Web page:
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The water sector in Australia is well-positioned to become a leader in the transition to a circular economy. Here, we explore steps utilities can take to embed circular economy principles within their organisations through enabling their people.

As stewards of regional water cycles, water utilities have been embracing many circular practices as business-as-usual for many years, evidenced by their dedication of resources to water recycling and through the recovery and beneficial reuse of biosolids. What is sometimes overlooked, however, is water utilities’ role as constructors and managers of operational assets.

This role is now increasing in importance as infrastructure installed in the post-World War II boom is reaching end-of-life. This presents a significant opportunity to invest in long-life, high-cost upgrades in the near-term, and which can have a substantial impact.

Water utilities can position themselves to recognise this opportunity by finding ways to:

  • Repurpose or sell end-of-life equipment– including via internal refurbishment programs
  • Adopt a circular mindset in navigating the transition to digital water meters, including evaluating the lifecycle impacts of procurement of the millions of required meters
  • Plan now for the end-of-life of equipment, for example redundant meters
  • Implement a Sustainable Design Framework and assess lifecycle costs and benefits (social, financial, and environmental) during asset management planning and procurement

Challenges commonly encountered by water utilities looking to implement such initiatives include funding the necessary initial investments, managing changes to operational processes, and implementing the cultural transformations required to integrate lifecycle thinking.

Overcoming these obstacles generally involves developing a clear strategy, obtaining buy-in from all levels of the company, investing in necessary infrastructure and providing ongoing training and education.

Learnings so far
Tonkin + Taylor’s learnings from recent work with water utilities on planning for circularity has identified the following:

  1. Upskilling your staff to understand the principles of the circular economy is critical. This will help them identify where their ideas or work they are already doing reflects a circular approach. Great ideas are there, but are clouded by views such as “but often hampered by the view that “it’s not technically circular.” Often, however, it is! Upskilling will help them identify where their ideas or work they are already doing reflects a circular approach, even if it doesn’t fall under traditional labels like “reduce scope 3 emissions” or “material use efficiency.” Be prepared to translate the concept of circularity into the language relevant to each team (e.g., lifecycle impacts, waste reduction, sustainable procurement, smart engineering).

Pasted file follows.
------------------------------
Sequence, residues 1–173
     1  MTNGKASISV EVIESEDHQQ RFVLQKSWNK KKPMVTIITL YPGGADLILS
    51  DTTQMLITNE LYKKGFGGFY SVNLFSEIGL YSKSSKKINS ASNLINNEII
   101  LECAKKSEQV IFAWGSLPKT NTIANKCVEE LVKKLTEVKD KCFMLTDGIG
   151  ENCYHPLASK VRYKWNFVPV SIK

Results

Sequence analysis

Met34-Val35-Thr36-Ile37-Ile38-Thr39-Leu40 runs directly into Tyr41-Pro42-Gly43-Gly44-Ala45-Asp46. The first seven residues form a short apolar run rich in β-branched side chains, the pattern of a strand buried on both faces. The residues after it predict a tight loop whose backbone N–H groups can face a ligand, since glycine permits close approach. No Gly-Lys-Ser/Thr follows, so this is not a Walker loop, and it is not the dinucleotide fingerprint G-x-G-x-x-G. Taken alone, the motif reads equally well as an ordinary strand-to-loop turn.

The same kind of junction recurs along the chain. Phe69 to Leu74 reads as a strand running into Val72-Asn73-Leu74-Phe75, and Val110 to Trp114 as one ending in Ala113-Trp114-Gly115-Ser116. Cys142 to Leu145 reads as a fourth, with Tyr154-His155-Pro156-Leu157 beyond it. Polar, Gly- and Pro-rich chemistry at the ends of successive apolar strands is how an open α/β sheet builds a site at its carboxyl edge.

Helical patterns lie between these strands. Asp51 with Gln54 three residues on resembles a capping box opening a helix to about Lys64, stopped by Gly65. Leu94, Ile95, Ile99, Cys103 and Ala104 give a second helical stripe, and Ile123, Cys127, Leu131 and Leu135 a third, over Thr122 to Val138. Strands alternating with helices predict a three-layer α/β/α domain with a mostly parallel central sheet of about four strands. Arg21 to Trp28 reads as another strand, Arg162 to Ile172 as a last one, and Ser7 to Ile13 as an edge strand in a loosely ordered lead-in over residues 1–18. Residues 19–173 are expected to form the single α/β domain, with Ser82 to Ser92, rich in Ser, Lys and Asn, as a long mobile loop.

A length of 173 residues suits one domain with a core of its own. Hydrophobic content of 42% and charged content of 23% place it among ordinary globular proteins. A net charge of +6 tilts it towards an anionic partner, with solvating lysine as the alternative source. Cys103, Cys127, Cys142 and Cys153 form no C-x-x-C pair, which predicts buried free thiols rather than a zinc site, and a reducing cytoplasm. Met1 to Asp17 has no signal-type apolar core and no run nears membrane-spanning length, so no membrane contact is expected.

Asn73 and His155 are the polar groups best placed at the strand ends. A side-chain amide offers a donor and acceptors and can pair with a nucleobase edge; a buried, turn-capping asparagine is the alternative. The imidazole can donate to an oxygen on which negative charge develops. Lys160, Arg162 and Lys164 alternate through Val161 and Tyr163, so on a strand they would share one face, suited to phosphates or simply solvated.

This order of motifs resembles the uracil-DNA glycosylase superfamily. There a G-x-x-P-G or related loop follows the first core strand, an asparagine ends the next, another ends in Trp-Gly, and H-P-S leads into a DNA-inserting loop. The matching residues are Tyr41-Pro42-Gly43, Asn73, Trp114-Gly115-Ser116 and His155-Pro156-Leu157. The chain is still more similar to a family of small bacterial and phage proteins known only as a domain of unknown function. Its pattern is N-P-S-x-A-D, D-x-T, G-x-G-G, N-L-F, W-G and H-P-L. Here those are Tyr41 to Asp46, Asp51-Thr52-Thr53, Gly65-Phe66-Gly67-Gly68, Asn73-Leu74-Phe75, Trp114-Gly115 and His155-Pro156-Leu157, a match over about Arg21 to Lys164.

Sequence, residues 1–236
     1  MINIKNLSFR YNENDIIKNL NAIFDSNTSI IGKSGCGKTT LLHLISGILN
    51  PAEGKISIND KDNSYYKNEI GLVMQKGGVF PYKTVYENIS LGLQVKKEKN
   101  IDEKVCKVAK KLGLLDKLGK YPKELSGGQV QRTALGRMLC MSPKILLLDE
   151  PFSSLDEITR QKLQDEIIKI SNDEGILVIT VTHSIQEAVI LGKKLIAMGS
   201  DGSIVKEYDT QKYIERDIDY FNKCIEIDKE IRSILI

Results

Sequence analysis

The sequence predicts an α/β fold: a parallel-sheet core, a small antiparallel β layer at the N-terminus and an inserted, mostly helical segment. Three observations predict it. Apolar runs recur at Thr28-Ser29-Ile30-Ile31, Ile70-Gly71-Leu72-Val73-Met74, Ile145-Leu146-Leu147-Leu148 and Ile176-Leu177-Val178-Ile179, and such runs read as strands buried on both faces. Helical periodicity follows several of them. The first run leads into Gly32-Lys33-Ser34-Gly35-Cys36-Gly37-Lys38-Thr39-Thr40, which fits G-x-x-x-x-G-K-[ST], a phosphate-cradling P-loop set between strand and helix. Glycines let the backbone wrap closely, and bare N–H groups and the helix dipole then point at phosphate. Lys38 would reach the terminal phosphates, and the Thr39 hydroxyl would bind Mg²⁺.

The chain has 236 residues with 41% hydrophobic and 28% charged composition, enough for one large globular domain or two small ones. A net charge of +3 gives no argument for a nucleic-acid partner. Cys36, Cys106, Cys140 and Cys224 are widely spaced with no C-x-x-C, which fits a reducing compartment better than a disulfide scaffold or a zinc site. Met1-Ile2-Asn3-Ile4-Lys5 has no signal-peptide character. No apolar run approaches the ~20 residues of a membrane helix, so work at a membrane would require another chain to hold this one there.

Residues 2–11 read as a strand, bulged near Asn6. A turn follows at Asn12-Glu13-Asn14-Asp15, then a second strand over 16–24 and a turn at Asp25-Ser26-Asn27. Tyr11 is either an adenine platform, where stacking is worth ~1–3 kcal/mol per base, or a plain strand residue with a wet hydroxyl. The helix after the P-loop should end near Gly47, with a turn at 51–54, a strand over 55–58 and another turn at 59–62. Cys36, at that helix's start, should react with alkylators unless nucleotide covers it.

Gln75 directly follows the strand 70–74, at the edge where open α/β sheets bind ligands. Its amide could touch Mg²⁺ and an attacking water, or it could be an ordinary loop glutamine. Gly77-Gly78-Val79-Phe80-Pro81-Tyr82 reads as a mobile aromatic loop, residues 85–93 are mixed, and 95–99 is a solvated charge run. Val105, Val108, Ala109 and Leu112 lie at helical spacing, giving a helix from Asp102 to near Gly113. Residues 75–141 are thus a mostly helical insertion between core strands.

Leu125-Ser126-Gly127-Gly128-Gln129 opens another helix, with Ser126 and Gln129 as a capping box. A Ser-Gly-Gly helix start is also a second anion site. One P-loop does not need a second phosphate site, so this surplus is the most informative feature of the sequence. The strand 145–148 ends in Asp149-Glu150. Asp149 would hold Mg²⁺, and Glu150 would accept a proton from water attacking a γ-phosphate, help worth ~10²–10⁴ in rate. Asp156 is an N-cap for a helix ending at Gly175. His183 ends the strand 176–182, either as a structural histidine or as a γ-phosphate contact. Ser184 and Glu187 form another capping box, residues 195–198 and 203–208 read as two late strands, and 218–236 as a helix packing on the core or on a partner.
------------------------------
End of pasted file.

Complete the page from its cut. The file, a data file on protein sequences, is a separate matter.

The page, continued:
2. Empowering staff to adopt lifecycle thinking is key to the transition to a circular economy. This requires procurement and construction to consider not just the operational phase, but also the environmental impacts of manufacturing and end-of-life stages. Empowerment can take various forms, including training, access to relevant tools, and even internal or external technical support to assist with research and analysis – a crucial aid for busy staff.
  3. To support a smooth transition, business systems and policies need to evolve alongside day-to-day processes. These processes should integrate circular economy principles. By updating the tools and operating procedures employees interact with daily, we can reflect this transition. Similarly, if initiatives require capital the organisation will need a transparent means of collecting, evaluating and prioritising capital investment for circular projects.

Engaging with and empowering your greatest assets – your people – brings benefits: cost savings, enhanced resource efficiency, improved resilience, increased employee satisfaction, and suitability for long-term sustainability. In other words, investing in your people as part of the circular economy transition for your organisation is simply a smart investment in your business.

Sustainability and circularity are key to infrastructure success. Contact our specialists for help with your sustainable infrastructure goals by emailing or calling +61 3 9863 8686.

(This article was originally published in the May edition of Utility magazine.)